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Brookhaven puts off vote seeking ban on horseshoe crab harvesting in town waters

Brookhaven Town Hall in Farmingville.

Brookhaven Town Hall in Farmingville. Credit: Newsday / Bill Davis

The Brookhaven Town Board has postponed voting on a plan asking state authorities to outlaw harvesting horseshoe crabs at town beaches after fishermen objected to the idea.

Brookhaven officials had planned to vote last Thursday on the nonbinding resolution after Supervisor Edward P. Romaine held a news conference last week at which he expressed concern for the "potential population collapse" of the prehistoric creatures on Long Island. His comments were backed by local environmentalists and marine scientists.

Romaine and other board members agreed to delay the vote after about a dozen people, most of them baymen, spoke against the proposed ban.

"Brookhaven Town does not need to do this," John Davi, a fisherman, told the board. Davi is a member of the New York State Marine Fisheries Advisory Council, which advises the state Department of Environmental Conservation on marine resources issues.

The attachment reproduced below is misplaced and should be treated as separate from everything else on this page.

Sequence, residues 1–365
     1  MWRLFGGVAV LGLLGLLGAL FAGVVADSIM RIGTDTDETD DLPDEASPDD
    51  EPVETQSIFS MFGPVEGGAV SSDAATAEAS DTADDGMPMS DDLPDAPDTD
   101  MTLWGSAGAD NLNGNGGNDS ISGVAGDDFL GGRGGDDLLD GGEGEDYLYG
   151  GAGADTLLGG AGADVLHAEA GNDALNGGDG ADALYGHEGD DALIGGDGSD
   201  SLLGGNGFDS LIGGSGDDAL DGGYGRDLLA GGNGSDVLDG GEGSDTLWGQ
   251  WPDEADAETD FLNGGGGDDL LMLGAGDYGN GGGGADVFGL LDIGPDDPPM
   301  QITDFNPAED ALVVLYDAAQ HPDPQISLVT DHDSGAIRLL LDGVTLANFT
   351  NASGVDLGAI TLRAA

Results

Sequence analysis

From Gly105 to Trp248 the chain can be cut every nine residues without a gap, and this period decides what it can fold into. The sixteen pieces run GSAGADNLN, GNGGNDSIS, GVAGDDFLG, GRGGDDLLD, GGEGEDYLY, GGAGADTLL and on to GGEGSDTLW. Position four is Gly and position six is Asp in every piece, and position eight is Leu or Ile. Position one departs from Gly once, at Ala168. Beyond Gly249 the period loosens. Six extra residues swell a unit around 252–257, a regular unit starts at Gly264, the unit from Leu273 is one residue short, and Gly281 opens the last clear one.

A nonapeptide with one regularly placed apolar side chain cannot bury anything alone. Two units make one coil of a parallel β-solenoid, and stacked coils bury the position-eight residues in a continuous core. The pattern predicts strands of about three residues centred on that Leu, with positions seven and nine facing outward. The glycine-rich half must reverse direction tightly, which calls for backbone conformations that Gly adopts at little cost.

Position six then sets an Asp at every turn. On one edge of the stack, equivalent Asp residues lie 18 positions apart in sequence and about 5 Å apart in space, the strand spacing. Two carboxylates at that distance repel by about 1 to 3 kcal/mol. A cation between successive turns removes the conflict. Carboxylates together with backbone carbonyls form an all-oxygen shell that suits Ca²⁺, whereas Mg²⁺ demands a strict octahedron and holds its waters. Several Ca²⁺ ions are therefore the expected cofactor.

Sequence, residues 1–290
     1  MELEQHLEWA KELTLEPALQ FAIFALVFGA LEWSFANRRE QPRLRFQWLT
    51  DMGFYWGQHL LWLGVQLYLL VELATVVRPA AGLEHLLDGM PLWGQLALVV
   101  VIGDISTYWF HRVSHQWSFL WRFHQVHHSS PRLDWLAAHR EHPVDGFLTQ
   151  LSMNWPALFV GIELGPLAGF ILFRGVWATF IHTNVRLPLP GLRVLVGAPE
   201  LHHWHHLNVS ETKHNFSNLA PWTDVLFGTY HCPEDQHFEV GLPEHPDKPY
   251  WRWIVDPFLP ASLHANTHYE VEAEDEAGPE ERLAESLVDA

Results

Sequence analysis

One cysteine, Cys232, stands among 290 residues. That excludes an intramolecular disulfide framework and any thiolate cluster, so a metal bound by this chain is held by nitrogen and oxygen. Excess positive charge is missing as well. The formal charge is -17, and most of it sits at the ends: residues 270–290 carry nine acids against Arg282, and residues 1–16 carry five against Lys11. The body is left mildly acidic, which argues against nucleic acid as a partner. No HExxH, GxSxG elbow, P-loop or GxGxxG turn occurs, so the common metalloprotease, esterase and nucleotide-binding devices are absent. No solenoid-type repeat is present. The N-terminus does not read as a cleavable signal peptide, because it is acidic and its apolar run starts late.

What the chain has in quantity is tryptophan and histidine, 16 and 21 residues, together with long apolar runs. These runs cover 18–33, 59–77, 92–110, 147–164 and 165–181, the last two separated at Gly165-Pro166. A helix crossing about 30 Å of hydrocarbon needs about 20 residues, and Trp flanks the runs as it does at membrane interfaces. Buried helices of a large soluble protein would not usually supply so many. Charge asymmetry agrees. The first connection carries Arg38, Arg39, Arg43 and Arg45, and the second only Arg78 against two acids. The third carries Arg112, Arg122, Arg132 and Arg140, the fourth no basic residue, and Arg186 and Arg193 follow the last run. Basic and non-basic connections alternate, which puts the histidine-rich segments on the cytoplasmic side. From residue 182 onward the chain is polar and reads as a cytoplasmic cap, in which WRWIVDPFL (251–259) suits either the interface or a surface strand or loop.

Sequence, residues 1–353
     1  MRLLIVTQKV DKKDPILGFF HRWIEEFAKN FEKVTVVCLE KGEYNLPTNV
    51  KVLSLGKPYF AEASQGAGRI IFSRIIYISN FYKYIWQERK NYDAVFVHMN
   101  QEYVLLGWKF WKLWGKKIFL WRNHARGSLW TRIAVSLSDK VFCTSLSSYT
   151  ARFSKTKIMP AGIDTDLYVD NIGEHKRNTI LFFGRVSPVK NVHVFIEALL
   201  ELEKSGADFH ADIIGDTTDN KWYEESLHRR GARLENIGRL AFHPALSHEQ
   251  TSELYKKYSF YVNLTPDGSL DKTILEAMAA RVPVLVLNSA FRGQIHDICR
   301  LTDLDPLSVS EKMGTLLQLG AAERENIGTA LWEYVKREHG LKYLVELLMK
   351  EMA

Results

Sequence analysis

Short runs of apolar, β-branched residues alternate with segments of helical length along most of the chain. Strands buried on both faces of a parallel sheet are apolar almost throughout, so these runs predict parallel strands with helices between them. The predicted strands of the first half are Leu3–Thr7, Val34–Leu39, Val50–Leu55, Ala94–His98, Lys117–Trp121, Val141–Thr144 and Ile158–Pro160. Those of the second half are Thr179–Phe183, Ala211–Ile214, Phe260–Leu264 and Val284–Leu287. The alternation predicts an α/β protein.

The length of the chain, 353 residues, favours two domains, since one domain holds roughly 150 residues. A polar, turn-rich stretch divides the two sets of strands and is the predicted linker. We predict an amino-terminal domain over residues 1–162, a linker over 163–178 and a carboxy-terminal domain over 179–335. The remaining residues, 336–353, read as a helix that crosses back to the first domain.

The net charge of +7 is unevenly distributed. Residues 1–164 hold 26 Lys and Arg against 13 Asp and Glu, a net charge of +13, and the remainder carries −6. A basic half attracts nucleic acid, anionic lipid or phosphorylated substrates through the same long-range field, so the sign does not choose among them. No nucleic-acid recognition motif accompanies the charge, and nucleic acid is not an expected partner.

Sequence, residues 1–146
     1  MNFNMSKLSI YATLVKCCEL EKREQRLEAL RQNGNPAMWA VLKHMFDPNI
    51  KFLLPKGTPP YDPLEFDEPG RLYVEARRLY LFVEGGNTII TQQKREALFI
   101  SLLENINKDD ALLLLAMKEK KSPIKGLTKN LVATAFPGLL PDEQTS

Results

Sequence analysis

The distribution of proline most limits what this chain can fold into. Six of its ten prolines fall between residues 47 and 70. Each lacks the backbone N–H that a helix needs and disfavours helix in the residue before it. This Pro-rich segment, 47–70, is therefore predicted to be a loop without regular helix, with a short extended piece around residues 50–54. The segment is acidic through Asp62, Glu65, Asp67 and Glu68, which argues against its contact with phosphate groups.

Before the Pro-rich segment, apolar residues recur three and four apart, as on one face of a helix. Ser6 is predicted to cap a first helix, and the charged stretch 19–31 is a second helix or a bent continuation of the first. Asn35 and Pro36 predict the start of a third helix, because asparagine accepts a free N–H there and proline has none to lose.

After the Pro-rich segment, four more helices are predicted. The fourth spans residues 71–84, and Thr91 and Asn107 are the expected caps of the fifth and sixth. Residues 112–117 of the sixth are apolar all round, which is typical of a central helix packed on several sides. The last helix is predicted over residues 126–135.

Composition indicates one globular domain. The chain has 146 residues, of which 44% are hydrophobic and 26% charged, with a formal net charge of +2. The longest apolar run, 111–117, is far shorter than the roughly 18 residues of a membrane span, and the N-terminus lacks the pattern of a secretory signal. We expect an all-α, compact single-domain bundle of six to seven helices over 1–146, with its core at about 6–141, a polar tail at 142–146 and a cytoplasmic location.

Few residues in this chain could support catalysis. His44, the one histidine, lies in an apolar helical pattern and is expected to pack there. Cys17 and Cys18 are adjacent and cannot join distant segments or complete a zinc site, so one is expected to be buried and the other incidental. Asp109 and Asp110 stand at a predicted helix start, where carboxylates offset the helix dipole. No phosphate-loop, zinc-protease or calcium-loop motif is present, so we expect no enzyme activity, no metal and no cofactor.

Davi and others said the DEC already regulates the taking of horseshoe crabs, and they said the arthropods are not in danger of being overharvested.

"There's no way those horseshoe crabs are endangered," said fisherman John German, of Brookhaven hamlet.

Federal guidelines limit the number of horseshoe crabs that may be harvested, according to the DEC website. Commercial baymen must obtain state permits to catch horseshoe crabs and report their hauls to the DEC.

Horseshoe crabs, often used as bait to catch eels and other fish, typically are harvested when the animals move into shallow waters during their mating season, between May and June.

Romaine and Councilwomen Valerie Cartright and Connie Kepert said they would meet with fishermen to discuss their concerns.

"I am happy to meet with the baymen," Romaine told the group. "I want to make sure you all have an opportunity to be heard."

Nancy Solomon, executive director of Long Island Traditions, a nonprofit cultural preservation group in Port Washington, said the baymen have agreed to meet with Brookhaven officials before the next town board meeting on June 4.

Solomon said she opposes the ban because it would put many baymen out of work.

"It would be a death knell, quite frankly," she said in an interview. "It would be very tough to make a living, especially if you live in the Town of Brookhaven and you work in the Town of Brookhaven."


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